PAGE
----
There is no doubt that the Amazon model is growing rapidly. As a manufacturer, one has to decide how to work with Amazon versus against it.
At a recent grocery leadership forum, the general manager of global e-commerce for Kellogg Co. said,
“Amazon is a critical customer for us in this space. They are still small, but they are growing quickly. When a consumer thinks about Amazon they think about a box that shows up on their doorstep. For us, they have continued to evolve their value proposition and offerings to consumers. It is important to note each one of their efforts has a value proposition for consumers, Amazon and us.”
Amazon demands of itself to deliver value to its suppliers, its customers and, of course, itself (the shareholders). That is why it is growing.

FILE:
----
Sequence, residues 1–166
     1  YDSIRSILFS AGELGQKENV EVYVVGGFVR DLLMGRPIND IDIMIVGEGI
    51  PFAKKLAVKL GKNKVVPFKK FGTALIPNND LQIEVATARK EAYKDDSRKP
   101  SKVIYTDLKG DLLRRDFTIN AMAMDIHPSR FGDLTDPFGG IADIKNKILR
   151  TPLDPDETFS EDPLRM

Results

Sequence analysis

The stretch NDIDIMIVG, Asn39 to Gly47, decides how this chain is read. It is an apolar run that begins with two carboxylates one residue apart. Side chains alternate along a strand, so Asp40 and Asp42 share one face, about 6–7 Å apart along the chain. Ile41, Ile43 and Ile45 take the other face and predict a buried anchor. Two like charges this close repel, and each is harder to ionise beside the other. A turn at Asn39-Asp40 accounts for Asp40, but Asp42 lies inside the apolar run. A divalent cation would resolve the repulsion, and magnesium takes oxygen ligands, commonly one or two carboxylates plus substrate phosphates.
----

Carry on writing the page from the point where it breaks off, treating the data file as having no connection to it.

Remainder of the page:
The fact is that businesses cannot ignore customers’ choices on how and where they buy. The fact is customers are buying online in increasing numbers. What businesses should pay increasing attention to is profitability by customer. In this environment of slow economic growth and wage pressure, it will be interesting to see how companies allocate their trade spend on impulse versus planned purchase.
Convenience retailers that are well-positioned to motivate/encourage impulse purchases should seek a larger share of trade spend to encourage customer trial as well as to reinforce brand values.